U.S. Election: A Season for Political Spending
Most Americans know that when President Obama entered the power pole of presidency, he changed the law to allow unlimited spending for campaign contributions. One year ago, the Obama administration was contemplating an executive order that would require all corporations with a government contract to disclose political spending. The purpose was to make the federal contracting process more transparent. Since so many companies have a federal contract, the order was seen as an act of disclosure that required all corporations to reveal political spending over $10,000.
As is often true in politics, this initiative seems to be dead. The administration is unlikely to issue that order until after the 2012 elections at the earliest, and you know why. It’s been a grand pretense.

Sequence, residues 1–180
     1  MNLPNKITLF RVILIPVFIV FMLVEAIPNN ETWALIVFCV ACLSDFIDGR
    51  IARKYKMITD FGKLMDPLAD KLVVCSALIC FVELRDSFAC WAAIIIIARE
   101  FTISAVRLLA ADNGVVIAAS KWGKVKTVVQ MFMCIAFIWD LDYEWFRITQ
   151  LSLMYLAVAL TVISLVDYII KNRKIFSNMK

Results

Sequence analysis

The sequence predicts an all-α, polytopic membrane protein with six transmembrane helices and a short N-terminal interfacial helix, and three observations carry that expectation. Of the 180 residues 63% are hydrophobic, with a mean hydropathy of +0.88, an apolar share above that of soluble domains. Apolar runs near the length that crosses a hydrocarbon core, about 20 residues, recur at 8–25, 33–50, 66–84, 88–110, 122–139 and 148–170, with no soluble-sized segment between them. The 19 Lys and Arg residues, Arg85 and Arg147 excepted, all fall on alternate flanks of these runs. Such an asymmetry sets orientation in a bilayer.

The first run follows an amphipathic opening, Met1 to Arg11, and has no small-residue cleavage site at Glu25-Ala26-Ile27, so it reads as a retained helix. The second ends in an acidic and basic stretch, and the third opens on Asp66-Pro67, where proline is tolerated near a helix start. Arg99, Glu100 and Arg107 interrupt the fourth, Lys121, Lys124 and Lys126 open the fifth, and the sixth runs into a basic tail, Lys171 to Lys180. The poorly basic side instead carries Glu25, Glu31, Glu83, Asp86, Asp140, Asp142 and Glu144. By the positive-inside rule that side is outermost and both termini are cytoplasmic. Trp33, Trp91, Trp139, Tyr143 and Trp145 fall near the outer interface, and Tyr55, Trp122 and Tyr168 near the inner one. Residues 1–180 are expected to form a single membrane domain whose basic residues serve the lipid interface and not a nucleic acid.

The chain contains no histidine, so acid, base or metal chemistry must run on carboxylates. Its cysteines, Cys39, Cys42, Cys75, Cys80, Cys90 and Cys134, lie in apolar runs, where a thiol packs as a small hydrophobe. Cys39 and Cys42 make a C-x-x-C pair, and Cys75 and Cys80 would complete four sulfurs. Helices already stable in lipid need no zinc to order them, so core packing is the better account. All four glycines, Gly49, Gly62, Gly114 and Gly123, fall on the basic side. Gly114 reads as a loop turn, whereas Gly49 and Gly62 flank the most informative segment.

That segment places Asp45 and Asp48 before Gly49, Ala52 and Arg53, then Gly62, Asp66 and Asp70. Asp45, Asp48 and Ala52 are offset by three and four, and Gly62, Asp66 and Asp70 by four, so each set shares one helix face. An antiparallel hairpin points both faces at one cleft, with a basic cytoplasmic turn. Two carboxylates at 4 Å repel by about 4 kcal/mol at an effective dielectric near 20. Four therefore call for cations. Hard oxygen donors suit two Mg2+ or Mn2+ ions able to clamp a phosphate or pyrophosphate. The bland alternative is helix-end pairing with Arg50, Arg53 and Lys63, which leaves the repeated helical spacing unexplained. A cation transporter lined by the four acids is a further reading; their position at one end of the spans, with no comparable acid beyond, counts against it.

The larger question is what the White House is actually willing to do to create a better campaign finance system. If it’s not going to sign this executive order, the administration could try to force some nominees onto the Federal Elections Commission, as many good government groups have urged. Alternately, the White House could call for the Securities and Exchange Commission to issue rules requiring political spending disclosure, a move that one SEC commissioner has already voiced support for.
If Barack Obama is serious about campaign finance reform, he might take some of these executive actions. Alternately, he could just keep supporting bills he knows won’t pass, while raking in millions to his Super PAC for untold future promises.